Updated August 21, 2019 - 3:34 pm
ELY — After 33 years on Nevada’s death row, Paul Browning walked out of Ely State Prison and into his mother’s arms early Wednesday.
“I’m OK,” he said, still hugging his mom.
Betty Browning, 86, traveled from North Carolina to Nevada late Tuesday to witness this moment. She reached up to touch her son’s face as he held her, smiling.
“I had to make it,” she said. “I’ve been waiting for this.”
Paul Browning’s brother and sister-in-law drove from California for his release. They waited to hug him next.
A jury took an hour in 1986 to convict Paul Browning, 30 at the time, of murder for the 1985 stabbing of Las Vegas jeweler Hugo Elsen. It took about two hours for jurors to sentence him to death.
Now 63, Paul Browning spent the next 33 years maintaining his innocence.
His freedom Wednesday came after a 2017 opinion from the 9th U.S. Circuit Court of Appeals found that “a mixture of disturbing prosecutorial misconduct and woefully inadequate assistance of counsel” led to “extreme malfunctions” at his murder trial.
It was good news, but he still slept in a cell.
Four months ago, District Judge Douglas Herndon ruled that because the defendant’s trial attorney failed to ask essential questions of witnesses who are now dead, including Elsen’s wife, Josy, “a fair trial consistent with due process is no longer possible.”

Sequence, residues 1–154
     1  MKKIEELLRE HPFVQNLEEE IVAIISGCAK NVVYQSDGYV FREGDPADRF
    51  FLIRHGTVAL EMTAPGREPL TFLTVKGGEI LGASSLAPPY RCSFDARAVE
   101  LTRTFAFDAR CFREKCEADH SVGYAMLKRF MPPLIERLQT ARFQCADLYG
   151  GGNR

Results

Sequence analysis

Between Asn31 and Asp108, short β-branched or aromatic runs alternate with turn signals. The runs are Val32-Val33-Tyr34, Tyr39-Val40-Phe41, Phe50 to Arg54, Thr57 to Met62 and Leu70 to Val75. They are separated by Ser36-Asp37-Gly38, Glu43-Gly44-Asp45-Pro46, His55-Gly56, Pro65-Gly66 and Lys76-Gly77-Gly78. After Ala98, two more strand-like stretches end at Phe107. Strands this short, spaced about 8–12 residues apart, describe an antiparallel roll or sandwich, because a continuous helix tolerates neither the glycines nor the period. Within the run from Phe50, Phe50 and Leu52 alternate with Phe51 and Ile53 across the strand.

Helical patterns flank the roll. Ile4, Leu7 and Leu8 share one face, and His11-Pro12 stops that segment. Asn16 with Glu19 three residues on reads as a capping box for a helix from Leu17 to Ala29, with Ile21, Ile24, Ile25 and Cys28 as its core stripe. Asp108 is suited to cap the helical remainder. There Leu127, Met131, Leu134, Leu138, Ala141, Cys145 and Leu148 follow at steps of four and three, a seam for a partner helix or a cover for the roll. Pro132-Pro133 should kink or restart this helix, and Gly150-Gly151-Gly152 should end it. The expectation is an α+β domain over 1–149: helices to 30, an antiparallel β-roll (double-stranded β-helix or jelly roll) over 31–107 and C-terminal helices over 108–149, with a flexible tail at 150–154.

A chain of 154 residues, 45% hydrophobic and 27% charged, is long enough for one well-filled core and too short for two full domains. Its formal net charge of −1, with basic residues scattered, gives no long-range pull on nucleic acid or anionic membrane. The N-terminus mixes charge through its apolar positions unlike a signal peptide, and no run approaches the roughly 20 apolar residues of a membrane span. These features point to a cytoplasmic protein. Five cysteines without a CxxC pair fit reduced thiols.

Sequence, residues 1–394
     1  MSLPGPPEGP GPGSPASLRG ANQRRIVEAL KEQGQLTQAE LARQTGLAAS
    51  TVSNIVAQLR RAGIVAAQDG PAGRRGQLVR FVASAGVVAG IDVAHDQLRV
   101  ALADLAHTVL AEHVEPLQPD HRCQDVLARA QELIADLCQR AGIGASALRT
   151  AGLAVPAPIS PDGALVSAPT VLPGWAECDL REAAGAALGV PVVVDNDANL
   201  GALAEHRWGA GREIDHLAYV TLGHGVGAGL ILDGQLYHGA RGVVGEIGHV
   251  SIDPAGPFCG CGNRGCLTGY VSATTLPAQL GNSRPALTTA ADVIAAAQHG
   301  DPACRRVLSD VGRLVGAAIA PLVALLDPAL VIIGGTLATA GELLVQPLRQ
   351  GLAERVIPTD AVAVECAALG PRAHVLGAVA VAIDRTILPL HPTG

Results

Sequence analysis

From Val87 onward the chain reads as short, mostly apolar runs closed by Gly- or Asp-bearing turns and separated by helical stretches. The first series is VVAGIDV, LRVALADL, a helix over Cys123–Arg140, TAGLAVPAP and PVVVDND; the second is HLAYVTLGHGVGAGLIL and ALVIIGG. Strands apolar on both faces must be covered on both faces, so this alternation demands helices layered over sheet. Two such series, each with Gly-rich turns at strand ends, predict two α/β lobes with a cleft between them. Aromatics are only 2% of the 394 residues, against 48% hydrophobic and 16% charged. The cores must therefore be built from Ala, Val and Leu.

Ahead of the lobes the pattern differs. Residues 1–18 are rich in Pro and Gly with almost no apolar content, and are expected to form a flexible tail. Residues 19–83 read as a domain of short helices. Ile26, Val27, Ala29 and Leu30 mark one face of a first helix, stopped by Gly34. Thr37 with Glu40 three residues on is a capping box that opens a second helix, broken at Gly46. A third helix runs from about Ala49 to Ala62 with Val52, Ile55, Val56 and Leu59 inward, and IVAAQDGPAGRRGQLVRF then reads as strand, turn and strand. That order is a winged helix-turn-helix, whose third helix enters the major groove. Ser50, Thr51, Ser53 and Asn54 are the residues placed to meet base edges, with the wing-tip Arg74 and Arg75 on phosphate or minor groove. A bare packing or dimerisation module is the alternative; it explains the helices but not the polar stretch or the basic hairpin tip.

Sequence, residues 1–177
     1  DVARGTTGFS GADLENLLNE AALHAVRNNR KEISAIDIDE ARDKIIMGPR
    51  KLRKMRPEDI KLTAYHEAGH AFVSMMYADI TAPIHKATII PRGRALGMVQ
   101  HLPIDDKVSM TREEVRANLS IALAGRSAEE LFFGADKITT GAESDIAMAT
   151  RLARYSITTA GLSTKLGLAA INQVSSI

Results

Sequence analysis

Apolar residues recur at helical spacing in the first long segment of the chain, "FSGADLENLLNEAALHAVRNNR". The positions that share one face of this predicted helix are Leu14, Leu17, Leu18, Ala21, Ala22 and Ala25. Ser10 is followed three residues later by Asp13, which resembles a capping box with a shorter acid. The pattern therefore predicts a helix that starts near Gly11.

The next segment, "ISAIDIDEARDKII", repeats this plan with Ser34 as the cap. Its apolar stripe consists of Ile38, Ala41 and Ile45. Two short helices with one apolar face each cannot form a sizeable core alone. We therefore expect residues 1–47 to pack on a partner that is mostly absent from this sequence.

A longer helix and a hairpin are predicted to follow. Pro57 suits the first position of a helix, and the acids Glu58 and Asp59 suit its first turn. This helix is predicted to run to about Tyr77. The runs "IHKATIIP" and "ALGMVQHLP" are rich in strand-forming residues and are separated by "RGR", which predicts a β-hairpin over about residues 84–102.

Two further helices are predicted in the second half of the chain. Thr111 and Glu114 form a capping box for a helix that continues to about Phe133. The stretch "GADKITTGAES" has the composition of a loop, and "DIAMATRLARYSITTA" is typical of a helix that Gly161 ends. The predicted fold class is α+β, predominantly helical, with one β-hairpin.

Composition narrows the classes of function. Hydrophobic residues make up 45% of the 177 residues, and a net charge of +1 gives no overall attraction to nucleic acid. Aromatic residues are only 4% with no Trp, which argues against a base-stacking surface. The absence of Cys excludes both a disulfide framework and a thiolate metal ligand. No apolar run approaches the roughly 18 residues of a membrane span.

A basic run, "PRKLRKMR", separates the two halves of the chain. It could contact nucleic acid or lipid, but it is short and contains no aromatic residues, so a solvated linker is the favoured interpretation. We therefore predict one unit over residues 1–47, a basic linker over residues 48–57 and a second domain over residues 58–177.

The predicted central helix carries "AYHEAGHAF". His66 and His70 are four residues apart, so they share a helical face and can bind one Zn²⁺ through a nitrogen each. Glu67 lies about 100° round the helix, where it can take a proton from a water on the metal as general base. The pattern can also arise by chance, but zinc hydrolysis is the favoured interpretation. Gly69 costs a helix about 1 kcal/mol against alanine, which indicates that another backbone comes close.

The judge dismissed the murder conviction, but prosecutors immediately asked to postpone that ruling in order to appeal the judge’s decision with the Nevada Supreme Court. So Paul Browning remained in prison.
On Tuesday night, Ely State Prison Warden William Gittere shook Paul Browning’s hand and notified him that he would be free in the morning.
“It wasn’t so much about me getting out,” the former inmate said of all the years he spent on death row. “It’s about me sitting there in court, starting with the preliminary hearing, and you see the witnesses testifying against you — all of the misconduct that occurred during trial. It’s just unjust. And it kind of hits you, right here in your gut. And that’s what has driven me.”
Clark County District Attorney Steve Wolfson did not respond to a request for comment on Paul Browning’s release.
In prison, the man’s only belongings were worn-out boxes stacked with legal files. He carefully loaded them into the back of his family’s car before they headed to breakfast at an Ely cafe.
At a table by a window, surrounded by family and one of his current attorneys, Tim Ford, he ordered a sausage omelette with hash browns and a Coke.
“I’m just happy to be here,” Paul Browning said.
Together, they talked about smartphones and Google and black holes — Paul Browning heard scientists witnessed one light up recently, a rare sight. He also heard that some places were banning plastic straws.
He asked how his relatives felt about the presidential candidates, because he wants to vote. He also wants to go to the beach, eat some seafood and maybe a good, thick steak. Onion rings, too.
And he wants to go to the doctor. A doctor was only available once a month in prison.
“Being in there that long, you see a lot of things that affect you,” he said. “You get to know people, no matter how horrendous their crimes were. You see a lot of death — natural causes, suicide. It affects you.”
Scott Dozier, the death row inmate who asked the state to execute him last year, was one of his good friends. The two worked out together. Dozier, 48, hanged himself in January.
“I just want to find a little bit of peace after coming through all this madness,” he said.